The dollar is unlikely to suffer a “cataclysmic selloff” should the U.S. lose its AAA credit rating, given investors’ limited alternatives to the world’s reserve currency, according to HSBC Holdings Plc.
A deal between President Barack Obama and Republicans struck over the weekend aims to raise the $14.3 trillion federal borrowing limit enough to fund the government until 2013 while cutting spending by $2.4 trillion over the next decade. The House voted 269-161 yesterday to approve the measure while Congressional leaders voiced confidence a Senate vote today will ratify the debt-limit compromise and avert a default.
“If the U.S. is downgraded, the dollar might sell off at the margins, but there isn’t going to be a slam-dunk, cataclysmic selloff that is suddenly going to make everyone hate the dollar and love the euro,” said David Bloom, London-based global head of currency strategy at HSBC Holdings Plc. “The problem with currencies is that if you sell one you have to buy another, and there isn’t really an alternative to the dollar. The unfortunate thing about bunds is that they’re issued in euros.”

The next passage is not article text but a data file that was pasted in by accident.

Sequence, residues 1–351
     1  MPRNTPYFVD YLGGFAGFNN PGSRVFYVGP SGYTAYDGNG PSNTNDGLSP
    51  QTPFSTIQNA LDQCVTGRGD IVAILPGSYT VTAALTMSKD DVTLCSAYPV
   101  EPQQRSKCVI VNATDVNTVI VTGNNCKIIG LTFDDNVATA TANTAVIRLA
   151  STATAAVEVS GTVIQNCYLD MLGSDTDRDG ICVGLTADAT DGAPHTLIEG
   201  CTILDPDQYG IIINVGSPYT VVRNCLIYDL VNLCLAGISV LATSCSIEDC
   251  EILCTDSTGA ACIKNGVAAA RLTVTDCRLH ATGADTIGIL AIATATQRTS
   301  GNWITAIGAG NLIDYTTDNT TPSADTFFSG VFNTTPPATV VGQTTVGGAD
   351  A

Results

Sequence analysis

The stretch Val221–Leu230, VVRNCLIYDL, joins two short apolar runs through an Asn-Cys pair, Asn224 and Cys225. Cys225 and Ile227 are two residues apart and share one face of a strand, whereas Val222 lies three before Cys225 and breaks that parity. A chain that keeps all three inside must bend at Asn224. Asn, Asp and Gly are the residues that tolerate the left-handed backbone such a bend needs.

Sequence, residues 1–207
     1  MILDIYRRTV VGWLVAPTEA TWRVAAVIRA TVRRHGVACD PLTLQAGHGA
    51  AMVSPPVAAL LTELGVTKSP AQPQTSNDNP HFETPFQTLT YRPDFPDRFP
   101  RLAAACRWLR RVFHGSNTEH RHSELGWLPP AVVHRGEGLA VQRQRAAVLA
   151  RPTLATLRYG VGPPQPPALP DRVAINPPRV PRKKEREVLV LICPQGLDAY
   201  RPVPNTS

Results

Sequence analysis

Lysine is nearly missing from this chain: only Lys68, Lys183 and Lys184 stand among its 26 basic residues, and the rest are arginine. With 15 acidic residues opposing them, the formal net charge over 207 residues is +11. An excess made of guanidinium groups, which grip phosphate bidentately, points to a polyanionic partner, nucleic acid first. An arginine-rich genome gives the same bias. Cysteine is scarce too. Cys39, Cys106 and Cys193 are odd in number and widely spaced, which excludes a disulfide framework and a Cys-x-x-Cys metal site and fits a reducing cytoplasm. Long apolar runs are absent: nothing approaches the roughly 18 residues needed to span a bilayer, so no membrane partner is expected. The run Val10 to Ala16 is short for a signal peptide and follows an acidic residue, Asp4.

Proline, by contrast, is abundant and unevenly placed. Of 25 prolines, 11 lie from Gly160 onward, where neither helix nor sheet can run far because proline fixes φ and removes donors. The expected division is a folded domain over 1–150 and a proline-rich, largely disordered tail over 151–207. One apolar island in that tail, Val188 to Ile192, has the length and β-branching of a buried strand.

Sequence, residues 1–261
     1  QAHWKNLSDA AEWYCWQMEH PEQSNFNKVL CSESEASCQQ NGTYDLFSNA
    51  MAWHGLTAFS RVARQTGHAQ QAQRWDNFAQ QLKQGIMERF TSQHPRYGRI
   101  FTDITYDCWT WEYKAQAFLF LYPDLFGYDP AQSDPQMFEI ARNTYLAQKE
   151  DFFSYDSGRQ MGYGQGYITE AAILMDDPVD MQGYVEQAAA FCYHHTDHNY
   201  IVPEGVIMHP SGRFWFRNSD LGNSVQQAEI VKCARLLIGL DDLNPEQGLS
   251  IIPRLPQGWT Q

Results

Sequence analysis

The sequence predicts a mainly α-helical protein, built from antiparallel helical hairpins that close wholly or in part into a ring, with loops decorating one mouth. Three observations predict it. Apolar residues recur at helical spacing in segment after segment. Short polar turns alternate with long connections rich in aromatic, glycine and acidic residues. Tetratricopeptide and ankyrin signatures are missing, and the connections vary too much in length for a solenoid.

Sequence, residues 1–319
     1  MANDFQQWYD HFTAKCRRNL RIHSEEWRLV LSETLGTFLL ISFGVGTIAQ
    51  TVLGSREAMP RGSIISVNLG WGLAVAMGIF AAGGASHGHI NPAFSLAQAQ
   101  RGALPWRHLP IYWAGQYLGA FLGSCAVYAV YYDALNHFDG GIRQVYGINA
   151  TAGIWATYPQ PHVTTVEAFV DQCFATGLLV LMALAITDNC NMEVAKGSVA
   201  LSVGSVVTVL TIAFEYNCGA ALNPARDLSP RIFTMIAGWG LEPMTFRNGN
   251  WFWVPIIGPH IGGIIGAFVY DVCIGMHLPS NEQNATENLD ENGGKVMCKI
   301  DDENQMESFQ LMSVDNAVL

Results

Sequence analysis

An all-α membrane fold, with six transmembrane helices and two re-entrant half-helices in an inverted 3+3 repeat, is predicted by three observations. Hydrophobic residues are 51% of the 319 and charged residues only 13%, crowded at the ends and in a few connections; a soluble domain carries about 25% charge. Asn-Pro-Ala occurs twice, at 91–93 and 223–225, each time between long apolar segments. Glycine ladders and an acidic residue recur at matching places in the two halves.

The dollar strengthened for a second day against the euro, appreciating 0.6 percent to $1.4162 to the shared currency at 8:31 a.m. in London.
Standard & Poor’s said on July 14 that it may downgrade the U.S., giving 50 percent odds that the credit rating would be cut within 90 days, even if an agreement was reached on raising the federal borrowing limit.
“People still have faith in the U.S. and faith in the dollar as the world’s reserve currency,” said Bloom. “The U.S. is a massive market and it’s hard to get away from it.”
HSBC sees dollar ending the year at $1.44 per euro, according to Bloom. Still, the U.S. currency’s value is likely to be gradually “eroded over time,” he said.